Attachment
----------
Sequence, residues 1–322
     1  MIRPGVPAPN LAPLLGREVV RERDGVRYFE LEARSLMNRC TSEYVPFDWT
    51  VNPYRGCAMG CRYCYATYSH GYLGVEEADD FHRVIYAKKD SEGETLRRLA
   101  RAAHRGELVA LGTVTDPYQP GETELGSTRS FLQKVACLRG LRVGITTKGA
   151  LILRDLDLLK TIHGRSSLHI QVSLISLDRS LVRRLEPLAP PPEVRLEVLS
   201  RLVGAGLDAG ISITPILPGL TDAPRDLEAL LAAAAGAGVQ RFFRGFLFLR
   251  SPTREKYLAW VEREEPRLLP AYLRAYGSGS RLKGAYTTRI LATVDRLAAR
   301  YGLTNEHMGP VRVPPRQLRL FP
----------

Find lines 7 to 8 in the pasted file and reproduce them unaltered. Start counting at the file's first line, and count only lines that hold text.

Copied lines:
   251  SPTREKYLAW VEREEPRLLP AYLRAYGSGS RLKGAYTTRI LATVDRLAAR
   301  YGLTNEHMGP VRVPPRQLRL FP